Glyconics has signed an exclusive licensing deal with Ghent University in Belgium for its proprietary method for the measurement of diabetes and renal insufficiency using infrared (IR) absorption. Glyconics has also joined forces with the University to make use of future technology developed by the University Group in this key therapeutic area.
The diagnostic technology invented at Ghent University employs scanning the fingernails of diabetic versus control persons for post-translational modification of proteins using infrared spectroscopy for diabetes mellitus and renal insufficiency.
Under the terms of the license agreement, Glyconics has worldwide exclusive use of Ghent University’s proprietary measurement algorithm, scientific and clinical support and proprietary knowhow and database on age and gender reference values for diabetics and renal insufficiency patients.
“The exclusively licensed technology and R&D collaboration will significantly support our long-term goal to expand the applications of our hand-held IR point of care device and digital platform into other acute and chronic areas”, said Dr Kam Pooni, CEO of Glyconics.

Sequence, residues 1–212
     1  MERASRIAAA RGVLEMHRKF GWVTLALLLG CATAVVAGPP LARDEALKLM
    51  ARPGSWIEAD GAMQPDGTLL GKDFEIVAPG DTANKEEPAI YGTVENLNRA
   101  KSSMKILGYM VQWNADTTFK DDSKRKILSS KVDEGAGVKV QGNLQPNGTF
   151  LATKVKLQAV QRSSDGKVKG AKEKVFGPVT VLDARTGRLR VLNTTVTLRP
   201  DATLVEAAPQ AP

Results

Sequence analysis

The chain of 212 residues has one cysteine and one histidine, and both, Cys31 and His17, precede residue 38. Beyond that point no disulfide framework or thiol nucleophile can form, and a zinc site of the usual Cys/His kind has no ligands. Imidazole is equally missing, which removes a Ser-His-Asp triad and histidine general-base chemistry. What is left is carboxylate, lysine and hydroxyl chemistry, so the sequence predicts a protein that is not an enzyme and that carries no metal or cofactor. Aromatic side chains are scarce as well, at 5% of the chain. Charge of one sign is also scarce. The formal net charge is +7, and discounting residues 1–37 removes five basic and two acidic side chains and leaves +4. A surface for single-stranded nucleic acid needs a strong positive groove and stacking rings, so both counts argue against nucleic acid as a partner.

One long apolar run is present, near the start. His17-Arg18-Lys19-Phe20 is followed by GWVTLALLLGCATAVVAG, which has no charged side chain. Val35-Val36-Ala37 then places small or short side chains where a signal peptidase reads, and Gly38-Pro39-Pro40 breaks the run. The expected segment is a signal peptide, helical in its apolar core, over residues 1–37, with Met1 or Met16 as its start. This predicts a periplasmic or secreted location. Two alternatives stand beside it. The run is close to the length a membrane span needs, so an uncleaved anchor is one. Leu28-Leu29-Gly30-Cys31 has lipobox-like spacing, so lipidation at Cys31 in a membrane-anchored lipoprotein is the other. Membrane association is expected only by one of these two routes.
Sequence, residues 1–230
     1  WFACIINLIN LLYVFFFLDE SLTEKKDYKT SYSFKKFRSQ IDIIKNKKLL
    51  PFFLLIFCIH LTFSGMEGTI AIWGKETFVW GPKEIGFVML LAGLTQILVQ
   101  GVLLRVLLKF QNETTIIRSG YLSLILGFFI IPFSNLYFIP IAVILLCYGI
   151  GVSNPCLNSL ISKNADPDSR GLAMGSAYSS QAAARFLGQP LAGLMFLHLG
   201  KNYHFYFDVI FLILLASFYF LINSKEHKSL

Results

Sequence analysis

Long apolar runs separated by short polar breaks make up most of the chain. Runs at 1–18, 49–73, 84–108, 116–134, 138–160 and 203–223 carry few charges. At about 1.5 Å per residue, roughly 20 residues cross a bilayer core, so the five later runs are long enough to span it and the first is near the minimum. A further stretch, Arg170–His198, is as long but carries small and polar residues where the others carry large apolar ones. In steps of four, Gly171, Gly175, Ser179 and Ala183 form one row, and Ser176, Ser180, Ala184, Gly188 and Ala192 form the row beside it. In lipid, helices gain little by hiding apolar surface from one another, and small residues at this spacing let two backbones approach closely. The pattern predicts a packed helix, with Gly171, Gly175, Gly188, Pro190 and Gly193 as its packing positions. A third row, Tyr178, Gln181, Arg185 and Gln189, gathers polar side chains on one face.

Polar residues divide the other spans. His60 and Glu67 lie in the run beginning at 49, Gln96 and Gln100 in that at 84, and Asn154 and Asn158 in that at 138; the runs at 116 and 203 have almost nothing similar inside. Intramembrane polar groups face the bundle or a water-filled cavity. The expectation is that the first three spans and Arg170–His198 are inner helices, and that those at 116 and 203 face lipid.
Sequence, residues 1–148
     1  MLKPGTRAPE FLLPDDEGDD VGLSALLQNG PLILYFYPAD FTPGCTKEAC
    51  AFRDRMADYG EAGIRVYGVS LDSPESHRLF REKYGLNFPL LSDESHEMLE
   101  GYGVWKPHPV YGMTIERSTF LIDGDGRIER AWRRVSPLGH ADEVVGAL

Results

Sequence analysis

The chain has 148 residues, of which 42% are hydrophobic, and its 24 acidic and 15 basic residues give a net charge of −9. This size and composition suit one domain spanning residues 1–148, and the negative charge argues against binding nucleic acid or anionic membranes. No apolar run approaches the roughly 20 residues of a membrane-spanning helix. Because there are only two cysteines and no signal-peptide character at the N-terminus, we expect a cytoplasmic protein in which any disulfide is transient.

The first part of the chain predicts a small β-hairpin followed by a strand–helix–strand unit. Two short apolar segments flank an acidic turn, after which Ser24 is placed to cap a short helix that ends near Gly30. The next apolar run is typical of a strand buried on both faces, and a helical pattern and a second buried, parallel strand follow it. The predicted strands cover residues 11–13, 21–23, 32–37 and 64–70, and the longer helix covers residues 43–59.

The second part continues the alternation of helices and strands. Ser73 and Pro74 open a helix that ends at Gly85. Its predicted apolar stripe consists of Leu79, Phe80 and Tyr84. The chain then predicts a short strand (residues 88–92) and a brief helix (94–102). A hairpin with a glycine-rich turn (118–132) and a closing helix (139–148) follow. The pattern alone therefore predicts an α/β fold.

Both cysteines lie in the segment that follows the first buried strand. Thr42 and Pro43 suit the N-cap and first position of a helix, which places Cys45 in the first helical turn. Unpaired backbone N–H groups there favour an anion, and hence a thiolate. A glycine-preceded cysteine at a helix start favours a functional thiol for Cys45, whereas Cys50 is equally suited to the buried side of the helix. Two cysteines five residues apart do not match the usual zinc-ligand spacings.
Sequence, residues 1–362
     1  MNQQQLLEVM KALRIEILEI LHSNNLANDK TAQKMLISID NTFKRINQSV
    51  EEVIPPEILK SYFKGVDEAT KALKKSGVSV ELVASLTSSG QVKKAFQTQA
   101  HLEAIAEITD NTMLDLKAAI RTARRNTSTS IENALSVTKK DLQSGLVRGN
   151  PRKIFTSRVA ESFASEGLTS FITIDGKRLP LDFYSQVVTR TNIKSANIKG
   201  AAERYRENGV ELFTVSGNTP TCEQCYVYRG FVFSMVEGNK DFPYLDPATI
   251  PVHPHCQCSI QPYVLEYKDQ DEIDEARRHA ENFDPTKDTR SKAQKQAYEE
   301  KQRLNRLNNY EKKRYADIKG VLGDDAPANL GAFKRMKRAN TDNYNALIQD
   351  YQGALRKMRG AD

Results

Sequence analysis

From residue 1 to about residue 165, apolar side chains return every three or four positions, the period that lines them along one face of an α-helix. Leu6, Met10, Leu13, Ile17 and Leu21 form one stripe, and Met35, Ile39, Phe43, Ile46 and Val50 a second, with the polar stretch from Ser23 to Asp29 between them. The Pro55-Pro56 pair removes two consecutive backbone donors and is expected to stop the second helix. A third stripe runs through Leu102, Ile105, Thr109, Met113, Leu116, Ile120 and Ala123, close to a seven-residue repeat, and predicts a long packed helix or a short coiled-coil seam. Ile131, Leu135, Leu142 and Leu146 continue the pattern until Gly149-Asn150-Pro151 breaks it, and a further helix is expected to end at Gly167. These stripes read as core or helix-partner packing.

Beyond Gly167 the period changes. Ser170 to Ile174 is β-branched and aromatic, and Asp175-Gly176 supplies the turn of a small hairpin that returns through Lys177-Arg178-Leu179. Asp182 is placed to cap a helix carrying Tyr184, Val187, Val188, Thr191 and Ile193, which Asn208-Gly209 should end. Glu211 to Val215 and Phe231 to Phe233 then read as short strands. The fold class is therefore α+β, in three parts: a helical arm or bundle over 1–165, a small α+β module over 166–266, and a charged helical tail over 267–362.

“Diabetes is a global major public health problem. According to the International Diabetes Federation (IDF) there are 425 million people with diabetes in the world and 1 in 2 adults with diabetes is undiagnosed. In Africa, for example the number of diabetics will increase from 14.2 million (2015) to 34.2 million in 2040. There is a huge need for affordable point of care diabetes diagnosis and monitoring. Infrared spectroscopy is an alternative, non-invasive way to assess glycation and offers information regarding the target organ damage caused by diabetes in vital organs (e.g. kidney, eye)”, said Professor Joris Delanghe, Head of the Department of Laboratory Medicine, Ghent University.